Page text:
|Real faces of the struggle|
|Saturday, 11 August 2012 20:16|
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They are a rare breed and it’s not an understatement that, 32 years after independence, these heroes are fast becoming an endangered species. Very rare to come across and despite the country’s trial and tribulations in recent years, they remain loyal to the liberation struggle and its goals.
They were the pioneers of the Second Chimurenga. They recruited some of the country’s finest soldiers; they trained comrades who became veterans in defeating the colonial regime.
In true guerrilla style, they set the Rhodesian administration on fire and spread the struggle in both the rural and urban areas like a veld fire. Against a formidable enemy who was armed to the teeth with strong airpower and heavy machine guns, they waged a war that left Ian Smith wondering what had hit him.
At that time, the populace — povho in their language, was so afraid of the whiteman. The whiteman was untouchable, Smith was like a demi-god and his administration was too powerful to be challenged.
How could these ill-equipped “terrorists” defeat the mighty Smith? It just didn’t make sense to the povo. What with Smith vowing that Zimbabwe will not be free “not in a million years.”
But they came and politicised the povho. At first, the ordinary povho could not understand their mission and so, in a bid to recruit more comrades, they had to abduct some pupils and students from school but later as people got the full understanding of the war, they volunteered to join the struggle.
They sang and danced during pungwes with reckless abandon and finally the povho got comfortable siding with these comrades that others preferred to call “magandanga.” Of course, other blacks refused to believe these comrades and in the middle of the night, they sneaked out to sell-out the comrades to the Rhodesians.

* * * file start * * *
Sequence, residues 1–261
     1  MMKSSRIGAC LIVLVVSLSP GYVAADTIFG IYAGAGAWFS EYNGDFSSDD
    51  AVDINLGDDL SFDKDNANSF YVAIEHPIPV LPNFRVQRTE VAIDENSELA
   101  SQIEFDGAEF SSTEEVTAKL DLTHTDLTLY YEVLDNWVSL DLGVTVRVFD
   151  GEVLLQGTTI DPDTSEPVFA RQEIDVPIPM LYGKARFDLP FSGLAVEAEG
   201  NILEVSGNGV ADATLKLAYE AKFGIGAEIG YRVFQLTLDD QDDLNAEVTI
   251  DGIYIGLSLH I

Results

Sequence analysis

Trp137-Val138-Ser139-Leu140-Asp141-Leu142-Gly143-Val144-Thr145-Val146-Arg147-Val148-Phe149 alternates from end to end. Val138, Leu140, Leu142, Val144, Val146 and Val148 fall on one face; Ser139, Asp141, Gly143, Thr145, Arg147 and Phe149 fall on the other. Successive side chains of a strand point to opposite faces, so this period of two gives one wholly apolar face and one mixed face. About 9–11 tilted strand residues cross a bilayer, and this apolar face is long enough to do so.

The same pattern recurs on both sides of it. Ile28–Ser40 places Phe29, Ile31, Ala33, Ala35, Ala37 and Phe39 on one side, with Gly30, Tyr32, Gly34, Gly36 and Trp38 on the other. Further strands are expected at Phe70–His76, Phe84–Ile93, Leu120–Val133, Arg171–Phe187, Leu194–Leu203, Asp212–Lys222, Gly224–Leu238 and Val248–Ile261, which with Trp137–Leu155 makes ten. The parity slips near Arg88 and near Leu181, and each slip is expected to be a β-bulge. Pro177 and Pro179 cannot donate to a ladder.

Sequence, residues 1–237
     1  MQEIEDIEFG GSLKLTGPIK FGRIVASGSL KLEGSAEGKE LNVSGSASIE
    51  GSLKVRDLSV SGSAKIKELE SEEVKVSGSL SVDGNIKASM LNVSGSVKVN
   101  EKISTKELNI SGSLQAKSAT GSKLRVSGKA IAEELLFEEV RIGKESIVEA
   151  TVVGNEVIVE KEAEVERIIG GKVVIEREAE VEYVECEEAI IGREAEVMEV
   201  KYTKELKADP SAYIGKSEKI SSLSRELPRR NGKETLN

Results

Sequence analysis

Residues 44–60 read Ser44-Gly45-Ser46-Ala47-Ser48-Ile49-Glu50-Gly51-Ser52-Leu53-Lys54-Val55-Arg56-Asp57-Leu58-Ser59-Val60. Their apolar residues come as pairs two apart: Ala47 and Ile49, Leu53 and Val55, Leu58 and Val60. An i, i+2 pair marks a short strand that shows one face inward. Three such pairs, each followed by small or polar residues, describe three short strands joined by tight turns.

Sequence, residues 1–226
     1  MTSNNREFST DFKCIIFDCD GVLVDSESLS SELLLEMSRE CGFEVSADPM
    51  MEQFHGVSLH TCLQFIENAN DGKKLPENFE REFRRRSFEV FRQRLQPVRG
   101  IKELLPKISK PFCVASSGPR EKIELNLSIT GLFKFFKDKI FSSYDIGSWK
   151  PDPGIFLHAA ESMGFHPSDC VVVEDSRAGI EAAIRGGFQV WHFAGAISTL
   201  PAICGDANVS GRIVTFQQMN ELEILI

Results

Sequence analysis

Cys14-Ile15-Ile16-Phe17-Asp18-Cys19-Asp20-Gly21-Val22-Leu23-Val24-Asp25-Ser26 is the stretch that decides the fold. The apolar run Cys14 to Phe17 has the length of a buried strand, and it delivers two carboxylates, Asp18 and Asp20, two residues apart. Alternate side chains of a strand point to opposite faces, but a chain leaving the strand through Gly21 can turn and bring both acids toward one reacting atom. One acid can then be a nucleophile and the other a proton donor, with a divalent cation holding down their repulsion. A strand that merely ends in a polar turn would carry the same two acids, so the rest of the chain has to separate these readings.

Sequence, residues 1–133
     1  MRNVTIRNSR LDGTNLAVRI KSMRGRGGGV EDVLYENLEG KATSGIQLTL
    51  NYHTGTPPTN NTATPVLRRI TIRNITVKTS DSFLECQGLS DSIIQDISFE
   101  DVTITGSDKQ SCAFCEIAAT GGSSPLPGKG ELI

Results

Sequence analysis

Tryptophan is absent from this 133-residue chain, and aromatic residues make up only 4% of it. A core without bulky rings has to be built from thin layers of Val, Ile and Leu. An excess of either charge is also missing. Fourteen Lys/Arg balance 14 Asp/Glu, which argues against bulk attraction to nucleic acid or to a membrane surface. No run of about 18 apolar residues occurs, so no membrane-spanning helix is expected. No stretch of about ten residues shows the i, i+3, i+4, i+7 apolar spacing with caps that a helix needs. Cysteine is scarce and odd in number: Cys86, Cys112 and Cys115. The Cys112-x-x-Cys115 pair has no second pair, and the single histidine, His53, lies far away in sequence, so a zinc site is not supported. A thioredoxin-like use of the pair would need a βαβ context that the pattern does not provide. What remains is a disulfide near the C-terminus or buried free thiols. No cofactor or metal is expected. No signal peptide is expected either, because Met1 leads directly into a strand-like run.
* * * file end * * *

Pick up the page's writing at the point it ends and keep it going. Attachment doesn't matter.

Their family members were arrested, tortured and killed. Their belongings were set alight and they lost all their wealth. They missed the opportunity to go to school and, not surprisingly, today some who are misinformed call them “uneducated.” They take it all just like they endured and just like they absorbed the pain and sorrow of liberating Zimbabwe.
When one takes time to listen to their heart- rending story, one is hit strongly by their humbleness, their down-to-earth approach to life, their modest requests for little comfort and their refusal to glorify themselves.
Of course, they are not the only ones in this category of rare heroes, but Cde Herbert Shungu, Cde Vhuu, Cde Tandie, Cde Steria, Cde Muchazvipedza Mabhunu and Cde Chinodakufa who are living a very humble life in Muzarabani, Centenary and Matepatepa are those unsung heroes whose stories just have to be known by future generations.